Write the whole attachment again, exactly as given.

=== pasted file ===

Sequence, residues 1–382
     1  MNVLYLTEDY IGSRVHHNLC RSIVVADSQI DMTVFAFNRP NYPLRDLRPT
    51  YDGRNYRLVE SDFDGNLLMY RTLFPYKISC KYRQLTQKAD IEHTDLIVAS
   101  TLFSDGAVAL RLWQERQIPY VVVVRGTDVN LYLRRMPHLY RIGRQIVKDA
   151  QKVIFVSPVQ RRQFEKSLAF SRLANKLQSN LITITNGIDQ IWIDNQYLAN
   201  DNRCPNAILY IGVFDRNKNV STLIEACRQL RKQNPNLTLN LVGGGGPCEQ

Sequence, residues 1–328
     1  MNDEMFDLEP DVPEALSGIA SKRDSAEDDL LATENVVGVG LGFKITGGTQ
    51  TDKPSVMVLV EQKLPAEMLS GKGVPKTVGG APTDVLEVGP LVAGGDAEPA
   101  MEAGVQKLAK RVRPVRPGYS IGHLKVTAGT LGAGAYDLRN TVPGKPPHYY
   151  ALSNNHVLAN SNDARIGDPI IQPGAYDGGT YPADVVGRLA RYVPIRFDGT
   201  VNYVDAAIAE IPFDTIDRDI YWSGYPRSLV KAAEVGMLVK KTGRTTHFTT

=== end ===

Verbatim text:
Sequence, residues 1–382
     1  MNVLYLTEDY IGSRVHHNLC RSIVVADSQI DMTVFAFNRP NYPLRDLRPT
    51  YDGRNYRLVE SDFDGNLLMY RTLFPYKISC KYRQLTQKAD IEHTDLIVAS
   101  TLFSDGAVAL RLWQERQIPY VVVVRGTDVN LYLRRMPHLY RIGRQIVKDA
   151  QKVIFVSPVQ RRQFEKSLAF SRLANKLQSN LITITNGIDQ IWIDNQYLAN
   201  DNRCPNAILY IGVFDRNKNV STLIEACRQL RKQNPNLTLN LVGGGGPCEQ

Sequence, residues 1–328
     1  MNDEMFDLEP DVPEALSGIA SKRDSAEDDL LATENVVGVG LGFKITGGTQ
    51  TDKPSVMVLV EQKLPAEMLS GKGVPKTVGG APTDVLEVGP LVAGGDAEPA
   101  MEAGVQKLAK RVRPVRPGYS IGHLKVTAGT LGAGAYDLRN TVPGKPPHYY
   151  ALSNNHVLAN SNDARIGDPI IQPGAYDGGT YPADVVGRLA RYVPIRFDGT
   201  VNYVDAAIAE IPFDTIDRDI YWSGYPRSLV KAAEVGMLVK KTGRTTHFTT